Elizabethkingia meningoseptica is a nosocomial-adapted, Gram-negative bacillus with intrinsic resistance to most antibiotics. Salmon, et al. (2013) describe how an outbreak investigation was undertaken when five patients developed E. meningoseptica bacteraemia within a three-week period in the Cardiothoracic Intensive Care Unit (CTICU) and Surgical ICU (SICU).
Analysis of laboratory data, case reviews, workflows within CTICU and extensive environmental sampling of surfaces and taps within four ICU wards, four general wards, two dialysis units and eight operating theatres were performed.
Upon review laboratory data revealed an unrecognized subtle increasing trend of E. meningoseptica clinical infections in all ICUs over the preceding three years. E. meningoseptica was cultured from aerators of 44 percent (35/79) taps. Taps in sinks frequently used for non-sanctioned practices were more likely to be contaminated (95 percent CI 1.2-2.3, p<0.003). Elizabethkingia was not cultured from any other surfaces within patient rooms. Investigation of ICU nursing practice revealed introduction of non-sanctioned practices regarding disposal of patient respiratory secretions and cleaning of patient equipment in designated hand hygiene sinks within patient rooms. An urgent education program was instituted to change these practices. Rooms underwent terminal cleaning. Faucets were systematically cleaned and aerators were changed. No further cases occurred in SICU or CT-ICU over the following three months. One month after aerator change, new aerators remained free of E. meningoseptica.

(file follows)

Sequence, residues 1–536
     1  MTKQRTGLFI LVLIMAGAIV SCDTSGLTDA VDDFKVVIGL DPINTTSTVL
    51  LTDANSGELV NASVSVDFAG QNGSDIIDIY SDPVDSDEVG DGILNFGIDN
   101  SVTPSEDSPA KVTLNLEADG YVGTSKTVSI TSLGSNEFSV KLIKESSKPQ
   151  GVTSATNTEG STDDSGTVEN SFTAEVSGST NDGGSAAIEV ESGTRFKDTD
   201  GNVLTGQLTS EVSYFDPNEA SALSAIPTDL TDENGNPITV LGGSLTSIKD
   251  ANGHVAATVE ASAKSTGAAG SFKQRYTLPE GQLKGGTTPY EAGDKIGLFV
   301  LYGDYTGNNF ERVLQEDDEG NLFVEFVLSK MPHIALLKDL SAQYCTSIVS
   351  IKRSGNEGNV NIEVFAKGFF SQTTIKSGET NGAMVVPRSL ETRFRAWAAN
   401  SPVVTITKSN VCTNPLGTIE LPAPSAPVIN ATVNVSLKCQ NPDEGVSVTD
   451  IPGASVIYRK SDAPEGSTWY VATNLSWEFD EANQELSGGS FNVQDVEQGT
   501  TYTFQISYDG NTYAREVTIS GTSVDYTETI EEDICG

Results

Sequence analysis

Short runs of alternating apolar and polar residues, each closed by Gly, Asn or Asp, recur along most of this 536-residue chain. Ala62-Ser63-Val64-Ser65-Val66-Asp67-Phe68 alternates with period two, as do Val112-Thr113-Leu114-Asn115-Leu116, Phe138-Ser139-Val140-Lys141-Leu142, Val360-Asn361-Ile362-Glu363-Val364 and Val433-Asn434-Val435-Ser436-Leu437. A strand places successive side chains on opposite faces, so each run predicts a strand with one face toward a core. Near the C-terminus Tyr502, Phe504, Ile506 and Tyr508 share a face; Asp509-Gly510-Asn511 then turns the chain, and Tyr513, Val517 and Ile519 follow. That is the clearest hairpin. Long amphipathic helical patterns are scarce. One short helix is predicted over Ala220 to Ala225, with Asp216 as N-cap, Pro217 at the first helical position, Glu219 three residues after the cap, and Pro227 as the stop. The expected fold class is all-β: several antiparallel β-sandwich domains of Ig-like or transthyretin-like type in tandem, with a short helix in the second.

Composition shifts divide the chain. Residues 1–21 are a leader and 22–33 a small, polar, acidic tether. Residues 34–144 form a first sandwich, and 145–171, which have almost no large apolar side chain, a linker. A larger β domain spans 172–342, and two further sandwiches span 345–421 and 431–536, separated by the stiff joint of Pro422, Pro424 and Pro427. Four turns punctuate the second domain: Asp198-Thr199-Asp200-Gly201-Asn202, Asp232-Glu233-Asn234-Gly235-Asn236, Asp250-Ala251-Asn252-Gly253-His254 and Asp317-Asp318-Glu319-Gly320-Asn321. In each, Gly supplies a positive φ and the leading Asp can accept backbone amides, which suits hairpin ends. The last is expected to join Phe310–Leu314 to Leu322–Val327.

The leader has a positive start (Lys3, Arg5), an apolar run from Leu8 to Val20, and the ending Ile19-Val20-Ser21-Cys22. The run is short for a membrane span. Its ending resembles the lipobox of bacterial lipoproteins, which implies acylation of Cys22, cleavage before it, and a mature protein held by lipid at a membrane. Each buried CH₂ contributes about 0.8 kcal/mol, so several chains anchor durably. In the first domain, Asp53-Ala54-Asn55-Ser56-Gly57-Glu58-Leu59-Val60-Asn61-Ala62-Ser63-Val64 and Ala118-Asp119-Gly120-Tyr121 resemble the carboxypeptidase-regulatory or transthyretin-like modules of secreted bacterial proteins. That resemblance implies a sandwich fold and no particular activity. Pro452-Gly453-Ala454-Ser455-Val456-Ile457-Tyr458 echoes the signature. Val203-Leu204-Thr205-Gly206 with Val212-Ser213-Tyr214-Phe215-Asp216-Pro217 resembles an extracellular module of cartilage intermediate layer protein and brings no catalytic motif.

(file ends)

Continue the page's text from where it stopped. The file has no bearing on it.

The researchers conclude that introduction of non-sanctioned practices due to suboptimal
unit design may have unintended consequences for vulnerable patients. Nursing workflows must also be practical to ensure proper waste disposal and cleaning of medical equipment.
Reference: Salmon S, Balm M, Teo C, Mahdi R, Fisher D. Oral abstract O088: Bad design, bad practices, bad bugs Elizabethkingia meningoseptica outbreak in ICU. Antimicrobial Resistance and Infection Control 2013, 2(Suppl 1):O88.